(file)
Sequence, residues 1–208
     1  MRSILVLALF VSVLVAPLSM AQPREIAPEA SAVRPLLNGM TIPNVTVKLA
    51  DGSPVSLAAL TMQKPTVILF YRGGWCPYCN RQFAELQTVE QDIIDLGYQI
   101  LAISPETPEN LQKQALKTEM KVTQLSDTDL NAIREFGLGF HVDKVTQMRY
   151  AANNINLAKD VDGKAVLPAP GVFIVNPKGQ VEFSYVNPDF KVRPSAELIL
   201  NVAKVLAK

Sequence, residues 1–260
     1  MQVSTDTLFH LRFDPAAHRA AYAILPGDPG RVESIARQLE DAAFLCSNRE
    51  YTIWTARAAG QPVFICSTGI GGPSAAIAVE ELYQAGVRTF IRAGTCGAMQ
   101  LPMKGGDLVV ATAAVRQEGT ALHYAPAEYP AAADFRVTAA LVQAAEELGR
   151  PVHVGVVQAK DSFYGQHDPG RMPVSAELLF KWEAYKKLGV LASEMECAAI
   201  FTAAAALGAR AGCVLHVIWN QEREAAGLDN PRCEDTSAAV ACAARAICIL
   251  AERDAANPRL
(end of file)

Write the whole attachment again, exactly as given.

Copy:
Sequence, residues 1–208
     1  MRSILVLALF VSVLVAPLSM AQPREIAPEA SAVRPLLNGM TIPNVTVKLA
    51  DGSPVSLAAL TMQKPTVILF YRGGWCPYCN RQFAELQTVE QDIIDLGYQI
   101  LAISPETPEN LQKQALKTEM KVTQLSDTDL NAIREFGLGF HVDKVTQMRY
   151  AANNINLAKD VDGKAVLPAP GVFIVNPKGQ VEFSYVNPDF KVRPSAELIL
   201  NVAKVLAK

Sequence, residues 1–260
     1  MQVSTDTLFH LRFDPAAHRA AYAILPGDPG RVESIARQLE DAAFLCSNRE
    51  YTIWTARAAG QPVFICSTGI GGPSAAIAVE ELYQAGVRTF IRAGTCGAMQ
   101  LPMKGGDLVV ATAAVRQEGT ALHYAPAEYP AAADFRVTAA LVQAAEELGR
   151  PVHVGVVQAK DSFYGQHDPG RMPVSAELLF KWEAYKKLGV LASEMECAAI
   201  FTAAAALGAR AGCVLHVIWN QEREAAGLDN PRCEDTSAAV ACAARAICIL
   251  AERDAANPRL